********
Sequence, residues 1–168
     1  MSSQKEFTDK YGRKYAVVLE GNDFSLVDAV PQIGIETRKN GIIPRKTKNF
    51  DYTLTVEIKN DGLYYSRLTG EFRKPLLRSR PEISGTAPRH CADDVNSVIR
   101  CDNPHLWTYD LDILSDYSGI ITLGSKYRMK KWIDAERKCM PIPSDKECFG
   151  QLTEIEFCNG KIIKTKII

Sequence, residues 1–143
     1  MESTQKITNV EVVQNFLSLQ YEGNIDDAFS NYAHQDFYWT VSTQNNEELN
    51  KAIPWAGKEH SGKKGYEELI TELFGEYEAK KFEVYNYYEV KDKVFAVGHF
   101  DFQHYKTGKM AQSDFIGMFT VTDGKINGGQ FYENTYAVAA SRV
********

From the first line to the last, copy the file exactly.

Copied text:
Sequence, residues 1–168
     1  MSSQKEFTDK YGRKYAVVLE GNDFSLVDAV PQIGIETRKN GIIPRKTKNF
    51  DYTLTVEIKN DGLYYSRLTG EFRKPLLRSR PEISGTAPRH CADDVNSVIR
   101  CDNPHLWTYD LDILSDYSGI ITLGSKYRMK KWIDAERKCM PIPSDKECFG
   151  QLTEIEFCNG KIIKTKII

Sequence, residues 1–143
     1  MESTQKITNV EVVQNFLSLQ YEGNIDDAFS NYAHQDFYWT VSTQNNEELN
    51  KAIPWAGKEH SGKKGYEELI TELFGEYEAK KFEVYNYYEV KDKVFAVGHF
   101  DFQHYKTGKM AQSDFIGMFT VTDGKINGGQ FYENTYAVAA SRV